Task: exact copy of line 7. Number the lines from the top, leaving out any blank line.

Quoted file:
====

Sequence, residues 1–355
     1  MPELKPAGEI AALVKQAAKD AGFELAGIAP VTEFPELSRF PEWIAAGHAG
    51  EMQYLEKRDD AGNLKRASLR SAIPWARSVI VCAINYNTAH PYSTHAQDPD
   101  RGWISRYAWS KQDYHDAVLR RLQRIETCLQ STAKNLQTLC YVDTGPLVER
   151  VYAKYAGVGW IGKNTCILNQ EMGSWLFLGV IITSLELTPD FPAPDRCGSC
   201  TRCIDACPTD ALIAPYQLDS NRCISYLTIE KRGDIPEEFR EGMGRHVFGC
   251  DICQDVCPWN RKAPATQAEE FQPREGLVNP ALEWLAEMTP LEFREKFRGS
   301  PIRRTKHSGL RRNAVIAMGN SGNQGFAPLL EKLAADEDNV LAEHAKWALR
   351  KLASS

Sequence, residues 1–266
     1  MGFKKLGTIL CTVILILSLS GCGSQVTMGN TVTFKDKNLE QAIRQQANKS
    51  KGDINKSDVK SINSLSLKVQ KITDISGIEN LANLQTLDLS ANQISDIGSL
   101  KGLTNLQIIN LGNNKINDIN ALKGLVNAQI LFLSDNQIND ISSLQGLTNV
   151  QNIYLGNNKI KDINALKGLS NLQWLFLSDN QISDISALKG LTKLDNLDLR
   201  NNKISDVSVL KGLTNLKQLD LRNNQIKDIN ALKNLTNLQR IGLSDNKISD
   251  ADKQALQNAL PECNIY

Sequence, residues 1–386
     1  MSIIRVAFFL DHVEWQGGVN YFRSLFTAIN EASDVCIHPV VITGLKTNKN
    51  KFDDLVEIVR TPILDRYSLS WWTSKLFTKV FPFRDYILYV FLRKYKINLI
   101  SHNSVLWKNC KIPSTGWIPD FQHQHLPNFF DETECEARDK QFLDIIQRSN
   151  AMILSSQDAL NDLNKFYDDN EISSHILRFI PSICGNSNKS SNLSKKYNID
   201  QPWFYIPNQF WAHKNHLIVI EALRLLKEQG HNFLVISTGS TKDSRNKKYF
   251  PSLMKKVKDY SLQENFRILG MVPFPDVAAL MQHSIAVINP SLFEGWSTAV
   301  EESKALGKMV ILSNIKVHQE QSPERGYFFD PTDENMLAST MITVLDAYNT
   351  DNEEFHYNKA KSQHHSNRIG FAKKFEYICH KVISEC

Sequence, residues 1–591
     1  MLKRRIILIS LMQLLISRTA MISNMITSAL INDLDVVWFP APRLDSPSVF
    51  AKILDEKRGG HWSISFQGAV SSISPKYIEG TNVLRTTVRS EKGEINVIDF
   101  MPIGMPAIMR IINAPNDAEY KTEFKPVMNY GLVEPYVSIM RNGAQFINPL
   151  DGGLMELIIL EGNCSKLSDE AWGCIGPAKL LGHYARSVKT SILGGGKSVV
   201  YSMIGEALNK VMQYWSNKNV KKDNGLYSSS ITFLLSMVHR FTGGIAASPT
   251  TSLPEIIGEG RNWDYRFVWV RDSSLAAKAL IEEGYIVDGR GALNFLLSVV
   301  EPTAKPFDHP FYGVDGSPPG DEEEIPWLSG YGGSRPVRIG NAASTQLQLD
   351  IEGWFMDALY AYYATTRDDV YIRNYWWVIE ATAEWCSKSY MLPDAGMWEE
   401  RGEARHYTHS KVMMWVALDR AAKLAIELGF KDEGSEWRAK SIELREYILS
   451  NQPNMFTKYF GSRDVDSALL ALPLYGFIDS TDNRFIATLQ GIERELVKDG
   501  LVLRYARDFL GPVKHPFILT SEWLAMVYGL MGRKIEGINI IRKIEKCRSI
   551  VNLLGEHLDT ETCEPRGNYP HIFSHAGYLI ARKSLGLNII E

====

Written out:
   251  DICQDVCPWN RKAPATQAEE FQPREGLVNP ALEWLAEMTP LEFREKFRGS